In the event that the driver does not submit to the roadside exercises, the police officer can only base their determination of whether they have probable cause to arrest the driver based on the observations that they have made up until that point. That is why all experienced criminal defense attorneys should advise their clients not to give the police a reason to justify their arrest (odor of alcohol, open container, admissions to consuming alcohol, etc.). In the event that a driver agrees to take the roadsides exercises, please understand that the police are looking for very specific clues that are not obvious to laymen. For example, here are the eight clues the police are looking for during the “walk and turn” exercise. Does the driver: 1. Lose his balance during instructions; 2. Starts the exercise before being told to do so; 3. Stops walking or pauses to regain balance; 4. Touch his heel to toe (Leaves more than AÃ¯Â¿Â½ space); 5. Step off the line one or two times; 6. Raise one or both arms six or more inches to regain balance; 7. Turn correctly or loses balance during turn; and/or 8. Take more or less than 9 steps in each direction. Word of advice, listen very carefully to the officer’s instructions and follow them as closely as possible.
The ability to follow instructions is a common element of all the roadside exercises. In the event the police arrest a driver for Driving While Under the Influence (DUI), the driver will be given the opportunity to submit to a breath test. In the event that the driver declines to submit to a breath test, the police officer will read the driver the following Implied Consent Instruction: If you fail to submit to the test I have requested of you, your privilege to operate a motor vehicle will be suspended for a period of one (1) year for a first refusal, or eighteen (18) months if your privilege has been previously suspended as a result of a refusal to submit to a lawful test of your breath, urine or blood. Additionally, if you refuse to submit to the test I have requested of you and if your driving privilege has been previously suspended for a prior refusal to submit to a lawful test of your breath, urine or blood, you will be committing a misdemeanor. Refusal to submit to the test I have requested of you is admissible into evidence in any criminal proceeding. Do you still refuse to submit to this test knowing that your driving privilege will be suspended for a period of at least one year and that you will be charged criminally for a subsequent refusal?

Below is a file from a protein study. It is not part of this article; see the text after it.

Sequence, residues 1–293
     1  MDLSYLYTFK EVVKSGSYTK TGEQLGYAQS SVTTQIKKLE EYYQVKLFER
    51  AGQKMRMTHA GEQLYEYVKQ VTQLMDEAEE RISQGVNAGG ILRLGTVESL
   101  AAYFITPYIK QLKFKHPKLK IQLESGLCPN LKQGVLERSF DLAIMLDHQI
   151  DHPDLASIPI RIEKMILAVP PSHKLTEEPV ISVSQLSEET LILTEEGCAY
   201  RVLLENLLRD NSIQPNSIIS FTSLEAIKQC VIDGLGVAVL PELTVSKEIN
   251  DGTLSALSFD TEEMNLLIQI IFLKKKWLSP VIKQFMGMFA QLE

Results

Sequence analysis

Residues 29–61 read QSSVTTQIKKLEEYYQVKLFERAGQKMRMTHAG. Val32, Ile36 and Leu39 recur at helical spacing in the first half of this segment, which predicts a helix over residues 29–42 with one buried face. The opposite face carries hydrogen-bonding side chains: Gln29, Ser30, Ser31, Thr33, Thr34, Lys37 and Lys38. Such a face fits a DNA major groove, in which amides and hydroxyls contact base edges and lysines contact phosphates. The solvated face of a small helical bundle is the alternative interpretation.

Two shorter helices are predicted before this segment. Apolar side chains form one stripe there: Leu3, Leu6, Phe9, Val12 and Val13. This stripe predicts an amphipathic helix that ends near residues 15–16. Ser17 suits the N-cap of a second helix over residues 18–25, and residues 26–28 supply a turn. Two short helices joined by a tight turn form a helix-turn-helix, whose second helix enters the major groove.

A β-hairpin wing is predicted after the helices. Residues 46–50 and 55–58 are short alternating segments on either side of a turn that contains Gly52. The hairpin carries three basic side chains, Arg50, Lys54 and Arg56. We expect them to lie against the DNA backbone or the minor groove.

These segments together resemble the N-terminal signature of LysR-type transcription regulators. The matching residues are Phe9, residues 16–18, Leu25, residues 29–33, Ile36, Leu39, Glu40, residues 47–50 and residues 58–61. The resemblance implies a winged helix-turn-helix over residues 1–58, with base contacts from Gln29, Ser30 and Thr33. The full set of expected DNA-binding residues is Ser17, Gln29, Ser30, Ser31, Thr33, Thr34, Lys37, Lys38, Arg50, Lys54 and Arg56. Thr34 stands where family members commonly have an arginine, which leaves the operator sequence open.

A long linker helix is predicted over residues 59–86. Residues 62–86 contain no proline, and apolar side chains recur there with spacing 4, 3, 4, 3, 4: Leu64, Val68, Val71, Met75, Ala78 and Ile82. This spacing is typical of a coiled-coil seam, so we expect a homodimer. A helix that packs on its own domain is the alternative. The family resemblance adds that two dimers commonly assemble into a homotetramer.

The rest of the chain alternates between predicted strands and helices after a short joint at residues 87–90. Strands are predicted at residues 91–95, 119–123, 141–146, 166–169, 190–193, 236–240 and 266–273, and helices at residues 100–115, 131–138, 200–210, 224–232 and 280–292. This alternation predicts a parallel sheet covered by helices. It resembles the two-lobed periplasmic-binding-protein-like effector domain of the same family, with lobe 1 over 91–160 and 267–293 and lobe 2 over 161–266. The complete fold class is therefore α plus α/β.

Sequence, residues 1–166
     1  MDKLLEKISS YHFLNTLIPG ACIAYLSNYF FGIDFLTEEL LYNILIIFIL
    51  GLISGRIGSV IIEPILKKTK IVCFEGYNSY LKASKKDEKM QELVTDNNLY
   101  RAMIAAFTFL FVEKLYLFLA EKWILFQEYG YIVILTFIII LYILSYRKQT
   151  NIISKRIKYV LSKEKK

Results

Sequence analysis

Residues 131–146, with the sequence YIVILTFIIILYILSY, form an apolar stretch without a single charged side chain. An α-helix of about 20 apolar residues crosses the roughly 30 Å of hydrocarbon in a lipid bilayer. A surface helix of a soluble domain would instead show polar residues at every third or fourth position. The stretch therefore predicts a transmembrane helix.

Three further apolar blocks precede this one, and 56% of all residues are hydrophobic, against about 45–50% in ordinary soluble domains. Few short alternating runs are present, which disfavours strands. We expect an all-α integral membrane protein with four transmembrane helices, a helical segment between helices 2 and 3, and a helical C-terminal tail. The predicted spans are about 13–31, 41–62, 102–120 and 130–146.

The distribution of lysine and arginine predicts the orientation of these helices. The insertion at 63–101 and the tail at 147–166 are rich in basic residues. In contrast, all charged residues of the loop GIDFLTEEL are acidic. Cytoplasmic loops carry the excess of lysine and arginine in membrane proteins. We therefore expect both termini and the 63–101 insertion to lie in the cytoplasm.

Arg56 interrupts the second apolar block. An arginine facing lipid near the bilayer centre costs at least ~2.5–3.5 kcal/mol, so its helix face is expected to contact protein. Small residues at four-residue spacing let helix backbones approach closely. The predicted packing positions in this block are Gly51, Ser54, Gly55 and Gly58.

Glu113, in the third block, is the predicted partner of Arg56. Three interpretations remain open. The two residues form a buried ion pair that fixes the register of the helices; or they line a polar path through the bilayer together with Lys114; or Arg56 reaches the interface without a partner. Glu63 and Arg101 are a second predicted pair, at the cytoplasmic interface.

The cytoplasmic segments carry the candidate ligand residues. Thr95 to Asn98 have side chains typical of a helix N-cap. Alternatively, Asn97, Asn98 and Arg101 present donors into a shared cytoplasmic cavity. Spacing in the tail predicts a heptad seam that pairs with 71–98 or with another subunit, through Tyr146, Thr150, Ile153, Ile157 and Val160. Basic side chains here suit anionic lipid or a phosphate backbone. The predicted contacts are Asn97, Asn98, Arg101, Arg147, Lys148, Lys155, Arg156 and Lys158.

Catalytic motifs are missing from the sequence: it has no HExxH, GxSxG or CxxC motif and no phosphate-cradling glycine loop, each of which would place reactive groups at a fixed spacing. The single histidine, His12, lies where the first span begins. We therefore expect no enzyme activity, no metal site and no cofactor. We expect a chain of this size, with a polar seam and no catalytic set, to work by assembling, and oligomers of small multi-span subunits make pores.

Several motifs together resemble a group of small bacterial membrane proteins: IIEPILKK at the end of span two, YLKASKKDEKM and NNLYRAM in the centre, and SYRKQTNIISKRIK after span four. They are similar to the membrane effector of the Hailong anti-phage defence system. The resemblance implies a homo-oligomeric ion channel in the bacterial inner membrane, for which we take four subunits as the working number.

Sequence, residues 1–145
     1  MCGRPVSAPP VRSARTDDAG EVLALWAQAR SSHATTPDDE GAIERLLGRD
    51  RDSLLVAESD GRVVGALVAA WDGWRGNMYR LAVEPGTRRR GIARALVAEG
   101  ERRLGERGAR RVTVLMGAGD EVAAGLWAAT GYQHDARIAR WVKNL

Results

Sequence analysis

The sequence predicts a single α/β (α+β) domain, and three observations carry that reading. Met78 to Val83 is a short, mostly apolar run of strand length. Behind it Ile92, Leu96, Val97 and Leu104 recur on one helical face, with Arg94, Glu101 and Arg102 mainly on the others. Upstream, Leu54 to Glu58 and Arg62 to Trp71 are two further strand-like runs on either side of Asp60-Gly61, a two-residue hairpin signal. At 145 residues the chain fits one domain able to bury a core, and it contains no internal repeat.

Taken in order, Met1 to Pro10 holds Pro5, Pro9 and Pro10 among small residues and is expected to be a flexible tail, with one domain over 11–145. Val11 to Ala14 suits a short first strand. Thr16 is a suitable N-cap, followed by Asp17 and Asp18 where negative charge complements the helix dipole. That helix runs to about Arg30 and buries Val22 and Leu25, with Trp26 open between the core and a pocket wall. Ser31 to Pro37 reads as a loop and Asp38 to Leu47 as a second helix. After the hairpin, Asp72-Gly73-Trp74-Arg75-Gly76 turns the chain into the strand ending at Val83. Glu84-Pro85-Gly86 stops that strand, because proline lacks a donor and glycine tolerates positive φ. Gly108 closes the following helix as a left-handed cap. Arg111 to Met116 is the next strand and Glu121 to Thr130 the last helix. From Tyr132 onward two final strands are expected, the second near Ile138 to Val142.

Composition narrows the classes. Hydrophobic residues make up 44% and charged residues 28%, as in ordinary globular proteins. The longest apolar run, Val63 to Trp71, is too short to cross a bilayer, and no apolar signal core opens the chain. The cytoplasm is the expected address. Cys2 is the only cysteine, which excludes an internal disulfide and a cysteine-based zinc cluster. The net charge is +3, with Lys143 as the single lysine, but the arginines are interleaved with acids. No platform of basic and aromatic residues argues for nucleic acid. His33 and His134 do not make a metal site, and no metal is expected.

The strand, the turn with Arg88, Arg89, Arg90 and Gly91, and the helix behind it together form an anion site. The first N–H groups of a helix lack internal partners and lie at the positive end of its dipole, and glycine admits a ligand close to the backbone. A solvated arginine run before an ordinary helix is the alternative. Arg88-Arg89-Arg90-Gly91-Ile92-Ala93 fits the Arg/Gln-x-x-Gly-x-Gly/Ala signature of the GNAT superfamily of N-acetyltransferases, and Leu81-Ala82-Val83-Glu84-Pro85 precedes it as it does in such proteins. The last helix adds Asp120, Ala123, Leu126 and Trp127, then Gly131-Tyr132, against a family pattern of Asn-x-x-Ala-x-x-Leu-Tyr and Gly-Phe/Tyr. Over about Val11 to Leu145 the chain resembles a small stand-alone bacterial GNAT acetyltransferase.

The million dollar question is whether a driver should submit to the breath test knowing their license will be suspended for a year on your first refusal? I cannot answer that question, as it once again determined on a case-by-case basis; however, please be advised of the following: 1. A driver’s license will be suspended for ninety days even if the driver provides a breath sample (.08 or above). 2. Typically, but not always, it is easier to defend a “refusal” to submit to a breath test at trial compared to an individual who provides a breath sample of.08 or above. 3. If a driver submits a breath result of.15 or above, the driver will receive additional penalties (i.e. interlock device attached to your car) at a plea. The best recommendation an experienced criminal defense lawyer can provide to avoid all penalties… DO NOT DRINK AND DRIVE.